Ebola’s ‘science’: Why it’s so hard to manage
On Monday, Centers for Disease Control and Prevention head Thomas Frieden unveiled a new policy for health-care workers returning from Ebola-plagued West Africa.
Yesterday, President Obama defended that policy, claiming it is based on science, not fear. Sorry. The administration’s halfway approach is based on political correctness. It ignores the science.
According to Frieden, every day about five health-care workers fly back from West Africa to the United States. For months, the CDC did almost nothing to prevent returning doctors and nurses from inadvertently spreading the disease here.
On Thursday, Dr. Craig Spencer, who had returned from a stint with Doctors Without Borders in Guinea on Oct. 17, was rushed into isolation at Bellevue Hospital with Ebola.
Before his diagnosis, Spencer took subways, went bowling and dined out. Authorities scrambled to identify his contacts.
Gov. Chris Christie of New Jersey, a Republican, and Gov. Cuomo of New York, a Democrat, jointly announced on Sunday that health-care workers landing at area airports after treating Ebola patients would have to undergo 21 days of isolation.
Governors of Florida and Illinois announced they would be devising policies, as well.
By Monday, Frieden had to respond to the spectacle of governors concocting isolation policies on the run to prevent the possibility, however small, of Ebola being spread. Alas, Frieden stopped short of endorsing isolation.
Instead he announced that local officials would monitor doctors and nurses coming from West Africa for fever or other symptoms but not necessarily isolate them.
Frieden said isolating the brave doctors and nurses would be a “stigma” and make them “pariahs.” That’s a shockingly unscientific attitude toward quarantine from a trained epidemiologist.
Here’s the science:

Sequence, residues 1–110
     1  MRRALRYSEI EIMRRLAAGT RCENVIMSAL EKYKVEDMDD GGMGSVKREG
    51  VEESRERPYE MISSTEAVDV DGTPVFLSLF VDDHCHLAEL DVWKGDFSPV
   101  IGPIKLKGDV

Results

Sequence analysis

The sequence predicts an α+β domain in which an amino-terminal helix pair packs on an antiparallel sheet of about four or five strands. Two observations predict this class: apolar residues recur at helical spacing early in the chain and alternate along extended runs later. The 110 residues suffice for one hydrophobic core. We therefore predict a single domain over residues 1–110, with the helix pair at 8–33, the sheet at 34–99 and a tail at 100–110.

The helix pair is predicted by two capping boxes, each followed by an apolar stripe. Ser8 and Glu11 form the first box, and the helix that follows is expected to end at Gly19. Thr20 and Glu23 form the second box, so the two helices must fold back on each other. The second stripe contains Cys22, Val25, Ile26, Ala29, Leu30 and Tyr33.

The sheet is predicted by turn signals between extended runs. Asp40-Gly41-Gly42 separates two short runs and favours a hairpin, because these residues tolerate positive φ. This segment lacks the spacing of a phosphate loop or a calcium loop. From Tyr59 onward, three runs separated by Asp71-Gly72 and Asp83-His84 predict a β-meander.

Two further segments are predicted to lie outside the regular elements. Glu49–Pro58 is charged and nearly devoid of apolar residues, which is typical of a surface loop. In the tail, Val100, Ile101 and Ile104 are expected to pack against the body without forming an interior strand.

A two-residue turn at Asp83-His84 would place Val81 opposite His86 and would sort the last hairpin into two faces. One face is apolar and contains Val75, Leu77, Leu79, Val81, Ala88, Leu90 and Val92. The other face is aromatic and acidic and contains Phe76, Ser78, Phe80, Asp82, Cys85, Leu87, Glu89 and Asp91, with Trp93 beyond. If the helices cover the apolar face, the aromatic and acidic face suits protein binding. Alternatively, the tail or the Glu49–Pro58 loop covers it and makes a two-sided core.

- About one in seven people infected with Ebola doesn’t have a fever before diagnosis. Airport screening relies largely on temperature-taking. Data from over 4,000 Ebola cases (the most complete analysis ever) published Oct. 16 in the New England Journal of Medicine show that 13 percent of patients don’t develop fever early on.
- Doctors and nurses can’t be depended on to spot Ebola in themselves faster than other people. Relying on them to monitor themselves assumes they will catch any sign of illness quickly and avoid spreading it. But the New England Journal research found doctors and nurses with Ebola don’t get to the hospital sooner.
- Health-care workers who treat Ebola patients are at risk of getting it, despite wearing protective gear. As of Oct. 25, the World Health Organization reports that 450 health-care workers contracted Ebola this year, and 244 have died. One staffer at Doctors Without Borders in Guinea who worked with Spencer called him a “rigorous man” who carefully followed procedures in removing his protective gear and decontaminating it, adding “we understand that we are also at risk despite the measures.”
- The most important fact about Ebola is how little we know. There’s no cure for the infected, no vaccine and no knowledge of how the virus might behave in colder temperatures. Doctors, nurses and missionaries who nobly volunteer in Africa could inadvertently be bringing Ebola home to every continent, giving the virus wings.
To be safe, Samaritan’s Purse, a relief organization, imposed a 21-day isolation period on workers returning from West Africa after one of its own, Dr. Kent Brantly, became infected. The hospital where Spencer practices requires a 21-day wait to return to work.
On Monday, the Joint Chiefs of Staff recommended all US troops returning from West Africa undergo a 21-day quarantine. Their biggest worry isn’t stigma.
There is no stigma to being quarantined. Our nation’s heroic astronauts who landed on the moon were quarantined on their return to ensure possible “moon germs” didn’t endanger the public.
Obama is creating a false choice by saying we can applaud health-care workers or quarantine them. We should do both.
The White House hasn’t said much about soldiers, but it’s busy arm-twisting governors to back off isolating health-care workers. On Monday, Cuomo backed down from mandatory isolation, despite overwhelming popular support for it.
One positive note: Frieden changed his tune Monday, saying “managing Ebola is not easy.” He and President Obama need to replace hubris with humility and take fewer gambles with this deadly disease.
Betsy McCaughey is chair of the Committee to Reduce Infection Deaths and a senior fellow at the London Center for Policy Research.